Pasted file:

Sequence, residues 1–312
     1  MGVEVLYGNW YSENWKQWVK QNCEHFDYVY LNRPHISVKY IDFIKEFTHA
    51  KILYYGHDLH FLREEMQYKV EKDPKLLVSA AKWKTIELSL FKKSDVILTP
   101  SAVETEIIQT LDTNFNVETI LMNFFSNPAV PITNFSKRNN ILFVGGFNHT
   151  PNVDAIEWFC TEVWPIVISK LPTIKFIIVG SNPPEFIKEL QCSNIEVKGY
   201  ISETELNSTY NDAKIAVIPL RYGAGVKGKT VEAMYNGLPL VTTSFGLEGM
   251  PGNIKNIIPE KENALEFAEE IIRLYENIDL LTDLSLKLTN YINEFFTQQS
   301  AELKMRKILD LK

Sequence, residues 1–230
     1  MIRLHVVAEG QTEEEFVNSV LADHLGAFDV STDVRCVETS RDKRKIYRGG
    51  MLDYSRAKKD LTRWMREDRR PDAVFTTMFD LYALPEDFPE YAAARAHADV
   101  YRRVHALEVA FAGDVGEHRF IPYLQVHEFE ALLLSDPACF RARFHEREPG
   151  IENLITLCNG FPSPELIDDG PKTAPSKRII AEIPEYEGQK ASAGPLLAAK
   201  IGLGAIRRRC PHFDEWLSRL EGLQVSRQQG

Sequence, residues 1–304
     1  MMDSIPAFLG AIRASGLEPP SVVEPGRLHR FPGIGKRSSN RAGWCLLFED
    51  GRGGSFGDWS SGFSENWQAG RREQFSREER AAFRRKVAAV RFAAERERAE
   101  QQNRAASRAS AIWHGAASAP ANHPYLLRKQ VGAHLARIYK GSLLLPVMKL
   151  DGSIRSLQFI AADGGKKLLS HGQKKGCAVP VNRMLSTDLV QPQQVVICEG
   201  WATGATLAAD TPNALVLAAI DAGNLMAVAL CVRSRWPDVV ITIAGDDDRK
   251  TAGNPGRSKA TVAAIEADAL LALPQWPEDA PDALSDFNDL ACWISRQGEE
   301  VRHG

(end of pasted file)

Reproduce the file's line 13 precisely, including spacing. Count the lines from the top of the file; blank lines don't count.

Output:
   151  IENLITLCNG FPSPELIDDG PKTAPSKRII AEIPEYEGQK ASAGPLLAAK